So You Want to Work Remote? Prove It!

By Kristen Harris

Over the last two years, we’ve seen a sea-change of acceptance and expectation for more work to be done remotely. While some companies and roles were already working on a remote or hybrid basis, COVID-19 pushed this trend forward fast.

Whether you call it remote work, work from home, telecommuting, telework, or something else, basically we’re talking about working somewhere other than a centralized office. Your work location might be a home office, co-work space, satellite office, another city, a travel location, or garden office. You could even be on a workcation–although we do advocate taking a real vacation from time to time as well.

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Chances are that you’ve done some or all of these things over the past two years. There is also a strong chance that your employer is talking about bringing employees back to the office some or all of the time. Some people look forward to being able to return to their office–if that’s you, great! The statistics are definitely leaning in your favor. 

But what if you don’t want to return to the office full time? Maybe you want to work from home more often or all the time. Perhaps you’ve decided to move to a new location but would like to stay with your current employer. Or maybe you want to sell everything and be a digital nomad for a while, traveling and working from different locations in the US or beyond.

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If you want to work remotely, then you have to prove it.

  1. Know what you’re asking for. It’s important to define exactly what you are looking for. There are many terms referenced above and, while these are often used interchangeably, they all mean different things. It’s important to understand the terminology and use the correct description for what you’re requesting. Wrike has a handy remote work glossary you can reference. Figure out the correct description for what you want and write it out.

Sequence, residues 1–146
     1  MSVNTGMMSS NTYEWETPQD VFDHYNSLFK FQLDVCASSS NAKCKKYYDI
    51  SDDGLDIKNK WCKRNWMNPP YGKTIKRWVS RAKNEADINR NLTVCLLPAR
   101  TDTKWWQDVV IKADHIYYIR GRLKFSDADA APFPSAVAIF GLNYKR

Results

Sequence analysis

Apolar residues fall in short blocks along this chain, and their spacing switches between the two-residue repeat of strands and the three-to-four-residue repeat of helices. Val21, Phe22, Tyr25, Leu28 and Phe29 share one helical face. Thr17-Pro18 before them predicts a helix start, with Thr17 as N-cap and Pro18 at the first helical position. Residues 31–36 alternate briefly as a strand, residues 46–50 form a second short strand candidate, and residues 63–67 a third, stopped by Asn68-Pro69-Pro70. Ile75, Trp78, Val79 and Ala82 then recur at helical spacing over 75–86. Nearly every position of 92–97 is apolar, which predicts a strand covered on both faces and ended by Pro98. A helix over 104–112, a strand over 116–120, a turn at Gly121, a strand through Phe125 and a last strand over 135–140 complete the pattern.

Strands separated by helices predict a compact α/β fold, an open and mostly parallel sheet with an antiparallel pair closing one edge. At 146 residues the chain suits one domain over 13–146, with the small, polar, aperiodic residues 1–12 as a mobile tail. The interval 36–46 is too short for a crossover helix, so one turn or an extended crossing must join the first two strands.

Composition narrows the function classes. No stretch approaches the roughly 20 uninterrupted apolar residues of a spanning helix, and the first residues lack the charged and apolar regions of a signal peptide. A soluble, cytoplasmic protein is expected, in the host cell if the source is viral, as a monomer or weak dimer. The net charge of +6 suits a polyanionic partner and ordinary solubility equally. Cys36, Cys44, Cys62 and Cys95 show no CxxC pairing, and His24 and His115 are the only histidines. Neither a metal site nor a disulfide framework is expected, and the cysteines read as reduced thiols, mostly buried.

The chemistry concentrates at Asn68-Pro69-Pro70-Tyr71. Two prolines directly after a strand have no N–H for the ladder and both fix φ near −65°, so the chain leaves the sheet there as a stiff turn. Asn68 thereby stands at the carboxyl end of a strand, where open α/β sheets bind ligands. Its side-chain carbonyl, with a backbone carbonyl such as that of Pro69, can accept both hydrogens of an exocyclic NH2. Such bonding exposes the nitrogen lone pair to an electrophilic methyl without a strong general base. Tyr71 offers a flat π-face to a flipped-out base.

• I’m looking for a hybrid-remote work arrangement where I can be in the office two days a week and work from my home three days a week.

  • I’d like to travel to other cities one week per month and work from the company’s satellite office in that location on those travel weeks.

  • My spouse and I are setting up our lives to be digital nomads for the next year. I’d like to work fully remote from a combination of co-work spaces and our rental homes in the various cities we travel to. Regardless of where we are located, I’ll maintain a work schedule of 9-5 EST to align with the company’s schedule.

  • To accommodate my family’s needs, I’d like to work a flex-time schedule of 7-3 instead of the standard 9-5.

  • I’m pursuing additional education and can arrange for all of my classes to be on Wednesday each week. To make this work, I’d like to work 10-hour days from 7-5 Monday, Tuesday, Thursday, and Friday each week.

  • There are so many variations…be clear and specific about what you’re trying to accomplish.

  1. Present a solution, not a problem. Your goal is to convince your employer how this alternate work location, schedule, or arrangement will work. And why it might even be to their advantage! Have a clear plan put together for how it would work. Think about what their questions or concerns might be, and proactively address those.

Do…

  • Ask good questions and listen carefully to the answers

  • Understand what your manager and company need

  • Create and propose a solution

  • Ask to test your plan for a set period of time

  • Agree to review and tweak areas of the plan as needed

Don’t…

  • Make it your manager’s problem to solve–this is your request so you need to propose a solution

  • Present “all or nothing” demands, treat everything as negotiable

  • Dismiss your manager’s or company’s concerns as invalid

  1. Prove it works. Once your manager agrees to at least try your new plan, it’s up to you to make sure it works. You came to them asking to try something different, they agreed, now prove it works!

  • Do what you say, keep your promises

  • Be reliable, be on time, hit your deadlines

  • Deliver excellence, make sure your work is as good or better than before you made the change, leave no room for doubts

  • Be visible, show up for video meetings, turn on your camera, participate in Slack or similar communication platforms

  • Flex when needed–you might need to attend an occasional meeting or presentation even if you normally work from home, you might need to log in early for an important client call even if your workday typically starts later, you might need to travel for an event even if you’re usually in another city, flex where and when you can and find another solution when you can’t

You might be approaching your current employer with a new request for flexibility, or maybe you’re looking for a new position and want to assure the employer you can handle the remote work aspect. Either way, don’t create a problem and don’t be a problem. If you think through the details and present a solution, you are showing them how it could work–how you can continue to be happy, productive, and stay engaged with the company. Think it’s time to look for a new position or need to fill a role on your team? We’re here to help!